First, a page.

Fears about political and economic marginalisation have damped the spread of new EU-optimism to Central Europe.
At the end of 2016, devastated by Brexit and unsettled by Donald Trump’s victory in the American presidential election, many Europeans fell into deep despair. They had become resigned to the notion that the European Union’s moment in history was over. Six months later, nothing is different, yet everything has changed.
Polls show that a growing number of Europeans are betting on the European Union. Improved economies across the Continent, the miserable performance of populists in the Netherlands, and the humiliation suffered by the “hard Brexiteer” Theresa May in this month’s general election in Britain have made many Europeans hopeful that the European Union has received a second chance, and that it is going to make the most of it.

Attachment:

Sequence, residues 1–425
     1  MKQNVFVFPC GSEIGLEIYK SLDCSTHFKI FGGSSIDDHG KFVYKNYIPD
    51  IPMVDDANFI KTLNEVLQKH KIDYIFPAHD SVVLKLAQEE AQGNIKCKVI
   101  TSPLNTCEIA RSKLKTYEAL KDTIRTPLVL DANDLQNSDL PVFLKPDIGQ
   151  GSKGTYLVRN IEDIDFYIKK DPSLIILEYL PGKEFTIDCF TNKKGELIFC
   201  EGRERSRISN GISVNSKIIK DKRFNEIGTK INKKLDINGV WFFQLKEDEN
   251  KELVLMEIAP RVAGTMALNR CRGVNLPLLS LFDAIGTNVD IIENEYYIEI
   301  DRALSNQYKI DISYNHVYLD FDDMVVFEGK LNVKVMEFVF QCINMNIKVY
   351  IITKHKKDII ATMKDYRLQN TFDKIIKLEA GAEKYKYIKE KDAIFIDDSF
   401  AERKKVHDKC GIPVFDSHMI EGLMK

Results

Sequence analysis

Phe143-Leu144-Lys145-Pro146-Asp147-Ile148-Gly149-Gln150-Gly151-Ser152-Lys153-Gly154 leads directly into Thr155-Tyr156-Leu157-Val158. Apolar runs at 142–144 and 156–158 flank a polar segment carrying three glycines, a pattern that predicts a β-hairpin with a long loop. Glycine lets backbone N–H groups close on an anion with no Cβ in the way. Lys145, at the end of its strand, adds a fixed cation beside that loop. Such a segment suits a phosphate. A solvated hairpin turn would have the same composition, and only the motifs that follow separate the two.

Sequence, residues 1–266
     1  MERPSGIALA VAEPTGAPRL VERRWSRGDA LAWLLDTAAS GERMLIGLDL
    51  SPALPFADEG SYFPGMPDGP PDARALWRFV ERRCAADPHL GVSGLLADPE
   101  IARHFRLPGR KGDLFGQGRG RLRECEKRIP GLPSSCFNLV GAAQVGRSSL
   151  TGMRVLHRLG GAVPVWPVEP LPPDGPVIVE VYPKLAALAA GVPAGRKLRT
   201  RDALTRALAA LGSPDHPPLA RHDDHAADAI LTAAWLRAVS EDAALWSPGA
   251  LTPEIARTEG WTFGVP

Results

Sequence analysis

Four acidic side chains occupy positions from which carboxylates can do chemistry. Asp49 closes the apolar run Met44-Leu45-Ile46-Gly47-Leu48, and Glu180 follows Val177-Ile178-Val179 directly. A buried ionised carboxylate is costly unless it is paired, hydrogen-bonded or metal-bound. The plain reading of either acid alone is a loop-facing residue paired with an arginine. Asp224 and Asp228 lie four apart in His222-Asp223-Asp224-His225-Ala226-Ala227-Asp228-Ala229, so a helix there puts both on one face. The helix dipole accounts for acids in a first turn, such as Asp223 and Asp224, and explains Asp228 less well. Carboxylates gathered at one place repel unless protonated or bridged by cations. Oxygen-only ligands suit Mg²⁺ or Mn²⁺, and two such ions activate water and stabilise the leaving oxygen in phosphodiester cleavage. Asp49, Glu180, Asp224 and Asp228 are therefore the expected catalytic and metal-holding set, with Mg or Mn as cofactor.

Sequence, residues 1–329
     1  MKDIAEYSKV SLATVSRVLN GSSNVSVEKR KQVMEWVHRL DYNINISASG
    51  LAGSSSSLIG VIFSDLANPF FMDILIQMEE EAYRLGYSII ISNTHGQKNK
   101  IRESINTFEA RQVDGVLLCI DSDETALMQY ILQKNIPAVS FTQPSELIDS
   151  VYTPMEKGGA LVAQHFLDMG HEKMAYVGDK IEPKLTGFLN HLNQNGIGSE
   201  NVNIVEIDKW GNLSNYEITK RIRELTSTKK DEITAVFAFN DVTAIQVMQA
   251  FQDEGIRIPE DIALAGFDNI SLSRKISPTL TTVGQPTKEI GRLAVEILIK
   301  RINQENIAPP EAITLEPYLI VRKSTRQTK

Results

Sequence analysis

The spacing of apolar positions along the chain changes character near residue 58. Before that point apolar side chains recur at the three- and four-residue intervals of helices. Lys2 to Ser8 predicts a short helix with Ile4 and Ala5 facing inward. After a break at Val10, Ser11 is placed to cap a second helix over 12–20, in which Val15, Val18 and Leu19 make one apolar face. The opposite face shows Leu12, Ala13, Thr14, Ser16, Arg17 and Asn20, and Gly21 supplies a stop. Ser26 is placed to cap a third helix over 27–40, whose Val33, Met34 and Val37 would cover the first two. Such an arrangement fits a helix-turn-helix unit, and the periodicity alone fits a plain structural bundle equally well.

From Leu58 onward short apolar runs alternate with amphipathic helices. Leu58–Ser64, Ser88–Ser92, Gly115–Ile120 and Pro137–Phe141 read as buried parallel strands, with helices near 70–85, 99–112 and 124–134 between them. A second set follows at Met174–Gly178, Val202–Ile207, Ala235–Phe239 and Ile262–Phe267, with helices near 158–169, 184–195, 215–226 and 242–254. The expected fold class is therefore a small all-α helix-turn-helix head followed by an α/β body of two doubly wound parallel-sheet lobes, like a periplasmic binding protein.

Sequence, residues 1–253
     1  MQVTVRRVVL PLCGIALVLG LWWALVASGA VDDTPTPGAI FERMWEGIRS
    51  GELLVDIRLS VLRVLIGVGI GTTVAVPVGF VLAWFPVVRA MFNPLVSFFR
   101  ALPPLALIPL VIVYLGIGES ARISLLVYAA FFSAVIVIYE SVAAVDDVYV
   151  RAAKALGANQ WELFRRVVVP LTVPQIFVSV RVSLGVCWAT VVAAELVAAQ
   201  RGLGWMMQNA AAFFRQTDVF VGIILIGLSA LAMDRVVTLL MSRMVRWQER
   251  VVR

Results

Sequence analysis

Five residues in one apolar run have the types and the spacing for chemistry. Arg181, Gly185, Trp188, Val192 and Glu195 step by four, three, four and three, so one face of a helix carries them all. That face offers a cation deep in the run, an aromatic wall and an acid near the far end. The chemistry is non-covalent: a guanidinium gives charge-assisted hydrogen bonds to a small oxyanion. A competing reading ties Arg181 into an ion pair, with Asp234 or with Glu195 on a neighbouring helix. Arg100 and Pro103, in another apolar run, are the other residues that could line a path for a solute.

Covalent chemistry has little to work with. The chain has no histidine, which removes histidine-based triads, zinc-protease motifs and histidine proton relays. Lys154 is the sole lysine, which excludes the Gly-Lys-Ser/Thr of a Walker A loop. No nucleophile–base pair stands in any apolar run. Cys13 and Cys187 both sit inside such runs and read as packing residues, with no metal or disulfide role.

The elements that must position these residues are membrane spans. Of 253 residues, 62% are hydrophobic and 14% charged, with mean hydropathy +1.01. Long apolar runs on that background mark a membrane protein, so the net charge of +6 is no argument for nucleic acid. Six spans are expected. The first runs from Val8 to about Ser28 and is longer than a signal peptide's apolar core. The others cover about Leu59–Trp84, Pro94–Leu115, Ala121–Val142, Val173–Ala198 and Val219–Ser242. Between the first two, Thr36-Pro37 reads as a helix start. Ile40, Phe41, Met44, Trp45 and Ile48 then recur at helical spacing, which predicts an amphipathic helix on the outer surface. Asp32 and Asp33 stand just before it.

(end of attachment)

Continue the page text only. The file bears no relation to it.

Emmanuel Macron’s decisive victories in France — first in the presidential election in May and then again in parliamentary elections last week — on a proudly pro-European platform have led many Europeans to believe that rather than disintegration, further integration may now be possible. The hope among the ever-closer-unionists is that Mr. Macron’s labor reforms in France will persuade Germany to invest more in eurozone economies. Meanwhile, plans for further investment in European defense are afoot.
But while infectious optimism is visible everywhere in Western Europe, the East has remained conspicuously unenthusiastic. The prospect of Eastern Europeans exiting the union — as the former Czech president Vaclav Klaus recently implored them to do — is still about as likely as President Vladimir Putin of Russia losing next year’s elections, but many in Eastern Europe are squeamish about German-French efforts to reorder Europe. Why?